mirrored SSDs. You can't need more than 60GB for a queue device, if
      1/3rd of that. And you'll avoid many potential headaches of RAID5.

      --
      Stan
    • Alex
      Hi, ... Thanks for the explanation. Trying to do too many things at once. You probably think I m an idiot by now. ... I meant as it relates to blocking by
      Message 2 of 15 , Dec 2, 2012
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        Hi,

        >>> Again, the IP in question will never be listed in the PBL. SBL maybe,
        >>> PBL no. Might be time to brush up on Spamhaus various lists and their
        >>> criteria.
        >>
        >> Yes, I didn't fully understand that dynamics aren't listed in the PBL.
        ...
        > The SBL is where you'll find snowshoe IPs listed by Spamhaus.

        Thanks for the explanation. Trying to do too many things at once. You
        probably think I'm an idiot by now.

        > Dropping SMTP packets should be done with care. If you FP on an email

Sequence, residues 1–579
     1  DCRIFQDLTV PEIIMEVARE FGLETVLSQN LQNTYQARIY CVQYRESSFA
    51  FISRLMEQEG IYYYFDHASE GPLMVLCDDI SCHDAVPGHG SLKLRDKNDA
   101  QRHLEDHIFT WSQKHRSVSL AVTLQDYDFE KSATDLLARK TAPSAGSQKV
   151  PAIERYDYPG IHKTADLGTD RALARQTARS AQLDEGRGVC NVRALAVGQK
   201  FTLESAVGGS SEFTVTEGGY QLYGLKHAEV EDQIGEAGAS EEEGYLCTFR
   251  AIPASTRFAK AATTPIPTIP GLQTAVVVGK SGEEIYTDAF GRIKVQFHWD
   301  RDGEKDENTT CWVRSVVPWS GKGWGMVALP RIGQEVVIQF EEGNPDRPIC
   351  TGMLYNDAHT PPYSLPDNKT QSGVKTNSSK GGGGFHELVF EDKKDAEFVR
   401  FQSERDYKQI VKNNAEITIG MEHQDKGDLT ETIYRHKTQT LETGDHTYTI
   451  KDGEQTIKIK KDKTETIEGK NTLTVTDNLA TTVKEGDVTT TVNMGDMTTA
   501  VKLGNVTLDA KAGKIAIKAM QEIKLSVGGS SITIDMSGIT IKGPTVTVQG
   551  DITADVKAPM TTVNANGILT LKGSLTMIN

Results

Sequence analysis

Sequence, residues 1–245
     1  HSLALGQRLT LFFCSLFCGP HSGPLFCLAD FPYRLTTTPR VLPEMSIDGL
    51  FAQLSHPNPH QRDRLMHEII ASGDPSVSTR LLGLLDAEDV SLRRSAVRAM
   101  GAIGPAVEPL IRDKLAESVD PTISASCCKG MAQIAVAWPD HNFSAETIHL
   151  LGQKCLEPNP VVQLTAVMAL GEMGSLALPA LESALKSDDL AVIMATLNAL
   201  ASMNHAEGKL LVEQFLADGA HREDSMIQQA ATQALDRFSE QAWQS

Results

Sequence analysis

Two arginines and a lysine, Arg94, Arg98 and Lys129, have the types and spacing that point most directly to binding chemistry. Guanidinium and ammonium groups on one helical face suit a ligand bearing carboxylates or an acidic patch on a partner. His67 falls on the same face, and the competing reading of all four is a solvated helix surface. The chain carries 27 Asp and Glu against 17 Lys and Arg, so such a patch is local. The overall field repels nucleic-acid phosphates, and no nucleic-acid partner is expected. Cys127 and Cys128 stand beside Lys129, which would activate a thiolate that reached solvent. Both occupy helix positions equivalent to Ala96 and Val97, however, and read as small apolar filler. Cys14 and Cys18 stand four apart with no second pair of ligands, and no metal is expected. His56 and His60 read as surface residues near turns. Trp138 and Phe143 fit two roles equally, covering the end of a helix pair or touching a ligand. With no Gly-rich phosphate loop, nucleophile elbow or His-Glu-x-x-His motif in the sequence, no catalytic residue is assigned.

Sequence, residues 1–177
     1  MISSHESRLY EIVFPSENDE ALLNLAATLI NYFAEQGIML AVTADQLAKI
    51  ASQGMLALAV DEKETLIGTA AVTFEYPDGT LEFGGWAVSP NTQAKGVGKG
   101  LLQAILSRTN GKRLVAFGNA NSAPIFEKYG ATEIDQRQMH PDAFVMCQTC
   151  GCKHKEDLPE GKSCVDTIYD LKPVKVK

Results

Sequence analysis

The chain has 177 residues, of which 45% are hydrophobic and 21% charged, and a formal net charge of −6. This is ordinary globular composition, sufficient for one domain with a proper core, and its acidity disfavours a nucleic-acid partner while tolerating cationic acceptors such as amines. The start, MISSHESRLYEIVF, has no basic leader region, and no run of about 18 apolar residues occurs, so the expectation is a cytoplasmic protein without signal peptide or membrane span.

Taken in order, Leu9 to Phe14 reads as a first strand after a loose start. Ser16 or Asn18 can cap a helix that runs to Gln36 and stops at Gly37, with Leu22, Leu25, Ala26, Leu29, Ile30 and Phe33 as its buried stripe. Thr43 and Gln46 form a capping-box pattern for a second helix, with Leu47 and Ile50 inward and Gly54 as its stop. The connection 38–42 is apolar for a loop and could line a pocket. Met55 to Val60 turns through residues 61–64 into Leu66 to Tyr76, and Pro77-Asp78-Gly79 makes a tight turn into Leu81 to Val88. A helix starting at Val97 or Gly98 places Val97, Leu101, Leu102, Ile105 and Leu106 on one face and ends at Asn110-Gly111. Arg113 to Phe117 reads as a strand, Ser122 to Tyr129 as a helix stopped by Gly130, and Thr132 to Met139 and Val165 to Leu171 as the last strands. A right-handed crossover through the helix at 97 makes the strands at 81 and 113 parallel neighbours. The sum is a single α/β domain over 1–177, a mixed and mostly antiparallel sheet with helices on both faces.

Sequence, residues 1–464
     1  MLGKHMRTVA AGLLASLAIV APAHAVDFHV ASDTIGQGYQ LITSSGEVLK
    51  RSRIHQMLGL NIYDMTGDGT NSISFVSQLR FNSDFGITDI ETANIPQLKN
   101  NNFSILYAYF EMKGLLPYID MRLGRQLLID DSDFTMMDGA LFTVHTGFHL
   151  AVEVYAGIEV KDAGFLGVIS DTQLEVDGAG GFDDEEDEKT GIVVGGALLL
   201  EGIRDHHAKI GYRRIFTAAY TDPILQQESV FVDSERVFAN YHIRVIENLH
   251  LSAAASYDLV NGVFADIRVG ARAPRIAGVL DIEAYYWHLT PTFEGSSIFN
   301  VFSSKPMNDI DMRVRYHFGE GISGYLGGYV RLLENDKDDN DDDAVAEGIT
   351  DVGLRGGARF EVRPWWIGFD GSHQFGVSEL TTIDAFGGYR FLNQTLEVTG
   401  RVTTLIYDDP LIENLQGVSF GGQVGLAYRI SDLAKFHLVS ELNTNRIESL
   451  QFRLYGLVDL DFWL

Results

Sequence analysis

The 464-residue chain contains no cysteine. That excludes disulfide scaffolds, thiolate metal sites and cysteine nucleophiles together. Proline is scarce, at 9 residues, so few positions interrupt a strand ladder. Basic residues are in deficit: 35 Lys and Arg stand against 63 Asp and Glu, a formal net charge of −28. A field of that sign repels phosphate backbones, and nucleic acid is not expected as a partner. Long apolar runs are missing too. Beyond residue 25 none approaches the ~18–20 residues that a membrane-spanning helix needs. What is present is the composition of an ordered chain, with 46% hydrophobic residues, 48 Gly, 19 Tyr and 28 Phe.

> to the CEO and he comes asking, giving you a sender address, you have no

        I meant as it relates to blocking by spamhaus or barracuda. From an FP
        perspective, that doesn't affect it either way. Perhaps the audit
        trail is a little better with just letting postscreen continue to
        block it rather than fail2ban, however.

        > If you're going to drop packets make sure you know the IP send nothing
        > but spam. Case in point, many SOHOs and small biz have their Exchange

        Yes, I'm only using it on IPs that have already been confirmed to be